Types & Shadows
Issue #9, Spring 1998

Great Ideas Aren’t Enough

Fundraising tips by Regina Podhorin Zilinski

Regina Podhorin Zilinski is founder and president of The Leadership Group of Trenton, NJ, specializing in nonprofit fundraising. An Episcopalian, she is a member and faithful supporter of the FQA. In 1996, at the board's request, she wrote a sample grant proposal. Excerpts from the introduction follow this article.

It is getting increasingly difficult to find funding for individual artists. The fundraising tips which follow are focused on the needs of nonprofit organizations. Individual artists can use many of the guidelines when applying for the few sponsor grants that are still available. You may want to consider joining together with others to form a small nonprofit (as long as you can prove social benefit from your work). Even better is to affiliate with existing nonprofits or cooperatives.

Often in the world of nonprofit fundraising we hear the lament about the great idea that didn’t get funding. Regardless of the “worthy” cause, there are often disappointments when looking for financial support. Most of these disappointments have to do with the following:

Whether you're looking for support for an art show, musical performance or theater event, private and public funders will be looking for more than a good idea. They will be looking to be convinced that your good idea has social merit (what difference will it make, for whom?), that you have the skills and expertise to pull it off and that they will get a positive response (press, reputation) as a result of the work. Below are some quick hints for successful fundraising:

1. Knowing who to ask

a. Make sure that the group or person you are asking for money has a reason to be interested in the work. Cold calling (or writing) in fundraising is a waste of time and money. Donor “prospecting” is a major fundraising activity. Research sources are the Internet, Foundation directories, state and local libraries and especially your friends and co-workers! It is a very small world and keeping up your networking makes it even smaller. Your co-worker’s wife may just work for that corporation that gives special grants and she can get you to the right person, but not if you don’t ask!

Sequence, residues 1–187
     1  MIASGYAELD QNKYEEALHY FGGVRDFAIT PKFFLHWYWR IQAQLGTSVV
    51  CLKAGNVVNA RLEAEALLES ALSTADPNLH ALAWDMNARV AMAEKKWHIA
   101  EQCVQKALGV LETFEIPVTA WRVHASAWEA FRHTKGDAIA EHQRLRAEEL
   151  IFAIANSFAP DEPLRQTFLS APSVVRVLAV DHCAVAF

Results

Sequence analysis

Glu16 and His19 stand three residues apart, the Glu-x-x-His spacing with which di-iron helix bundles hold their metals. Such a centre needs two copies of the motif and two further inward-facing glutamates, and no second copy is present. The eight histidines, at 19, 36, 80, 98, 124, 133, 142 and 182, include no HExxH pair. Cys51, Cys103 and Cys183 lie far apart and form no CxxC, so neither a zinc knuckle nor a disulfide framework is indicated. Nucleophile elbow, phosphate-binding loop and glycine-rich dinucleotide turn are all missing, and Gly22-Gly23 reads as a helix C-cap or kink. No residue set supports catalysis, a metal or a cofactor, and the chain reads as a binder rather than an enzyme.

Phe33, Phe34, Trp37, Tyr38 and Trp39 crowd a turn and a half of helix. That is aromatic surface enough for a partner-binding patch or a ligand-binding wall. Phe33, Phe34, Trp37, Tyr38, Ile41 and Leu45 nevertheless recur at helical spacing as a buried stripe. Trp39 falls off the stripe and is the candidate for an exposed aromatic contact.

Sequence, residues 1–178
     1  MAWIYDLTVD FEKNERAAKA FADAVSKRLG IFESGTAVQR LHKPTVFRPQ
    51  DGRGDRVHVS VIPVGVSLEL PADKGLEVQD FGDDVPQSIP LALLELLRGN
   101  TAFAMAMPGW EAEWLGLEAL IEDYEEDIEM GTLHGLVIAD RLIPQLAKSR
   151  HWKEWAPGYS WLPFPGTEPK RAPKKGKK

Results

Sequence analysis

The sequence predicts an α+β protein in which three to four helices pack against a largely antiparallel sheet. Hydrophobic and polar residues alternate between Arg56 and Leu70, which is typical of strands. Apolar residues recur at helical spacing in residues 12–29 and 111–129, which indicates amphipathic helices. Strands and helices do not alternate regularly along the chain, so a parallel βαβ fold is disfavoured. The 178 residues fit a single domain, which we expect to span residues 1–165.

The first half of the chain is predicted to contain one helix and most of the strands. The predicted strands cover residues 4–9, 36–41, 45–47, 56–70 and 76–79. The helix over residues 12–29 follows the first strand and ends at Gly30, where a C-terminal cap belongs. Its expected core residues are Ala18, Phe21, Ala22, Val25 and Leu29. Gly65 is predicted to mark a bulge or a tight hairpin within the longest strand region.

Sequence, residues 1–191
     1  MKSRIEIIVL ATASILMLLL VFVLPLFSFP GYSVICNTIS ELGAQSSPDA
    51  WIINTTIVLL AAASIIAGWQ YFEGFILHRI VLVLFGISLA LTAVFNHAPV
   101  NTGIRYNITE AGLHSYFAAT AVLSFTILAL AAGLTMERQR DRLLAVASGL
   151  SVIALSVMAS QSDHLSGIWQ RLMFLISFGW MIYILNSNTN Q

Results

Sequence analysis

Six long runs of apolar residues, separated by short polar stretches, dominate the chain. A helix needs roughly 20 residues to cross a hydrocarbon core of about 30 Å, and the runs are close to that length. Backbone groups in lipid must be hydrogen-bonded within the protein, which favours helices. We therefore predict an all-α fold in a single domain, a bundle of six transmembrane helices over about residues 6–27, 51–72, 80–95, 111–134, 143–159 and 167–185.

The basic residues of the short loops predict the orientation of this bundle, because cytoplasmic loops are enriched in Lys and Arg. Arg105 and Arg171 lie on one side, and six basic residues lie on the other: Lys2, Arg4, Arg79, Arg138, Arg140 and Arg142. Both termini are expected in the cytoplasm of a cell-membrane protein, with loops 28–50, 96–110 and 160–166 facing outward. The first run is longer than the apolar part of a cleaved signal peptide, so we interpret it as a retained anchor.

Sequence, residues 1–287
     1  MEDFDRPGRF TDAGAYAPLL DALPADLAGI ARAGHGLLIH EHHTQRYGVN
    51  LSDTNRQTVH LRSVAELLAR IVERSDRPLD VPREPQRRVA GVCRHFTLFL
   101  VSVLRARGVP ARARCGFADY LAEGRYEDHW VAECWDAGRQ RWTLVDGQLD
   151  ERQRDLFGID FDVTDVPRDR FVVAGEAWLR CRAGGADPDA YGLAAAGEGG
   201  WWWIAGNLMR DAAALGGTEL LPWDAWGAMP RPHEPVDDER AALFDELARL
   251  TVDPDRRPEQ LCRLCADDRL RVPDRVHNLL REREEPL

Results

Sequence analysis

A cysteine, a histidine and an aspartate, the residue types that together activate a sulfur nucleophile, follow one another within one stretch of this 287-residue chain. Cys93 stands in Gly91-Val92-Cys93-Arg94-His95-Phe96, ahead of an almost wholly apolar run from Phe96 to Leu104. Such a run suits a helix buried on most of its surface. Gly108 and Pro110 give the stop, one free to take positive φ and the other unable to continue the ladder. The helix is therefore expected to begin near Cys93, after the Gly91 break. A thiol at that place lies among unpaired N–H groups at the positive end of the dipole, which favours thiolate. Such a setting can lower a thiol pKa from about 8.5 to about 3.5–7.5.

b. Don’t put all your eggs in one basket. Successful fundraisers use all available opportunities including: private donor solicitation, foundation proposals, corporate requests, local, county, state and federal government proposals and fund raising events. Please note that fundraising events typically have the smallest return on investment. Use them sparingly and focus them on “friend-raising” rather than fundraising. ALWAYS keep good lists of who attends your events. They are a great source for later solicitation.

2. Asking in the right way

a. Most foundations and public sources have specific guidelines for proposal content. Many will not even consider proposals that do not comply with their format. Call or write to ask for the format and an annual report. A number of foundations in New York/New Jersey have developed a common application form. You can find a copy, along with other great information, on the Internet at the Foundation Center and The Grantsmanship Center.

b. Private donor solicitation is an art form when done well. Whether by mail or in person, make sure that you are asking the right person, that the right person is doing the asking and that your “story” is clear, crisp and ends in a specific request for a donation. Small local “teas” given by community friends can raise money quickly and easily, especially if the host/hostess invites friends and assumes responsibility for organizing the event. Whenever possible personalize either the story or the person making the request. Expect to take no for an answer sometimes and do it graciously. Don’t forget to ask if they know of someone else who might be interested. Careful list building is hard work that always pays off in the end.

c. There are traditional good times to ask for private donations—Christmas, before and after April 15th (a reminder of the value of tax deductions) and important organizational anniversary years (5th, 10th, 25th etc.). If your story has a particular time or topic emphasis you may want to solicit funding before a related holiday. Many organizations make good use of Mother’s Day, Valentine's Day etc. by linking those days to their organization's goals. I know of one organization that sent out personalized Thanksgiving Day cards to major donors and volunteers. The card did not ask for money but it was very noticeable and had a strong response in the form of increased donations. More than one person noted that it was the only Thanksgiving Day card they received.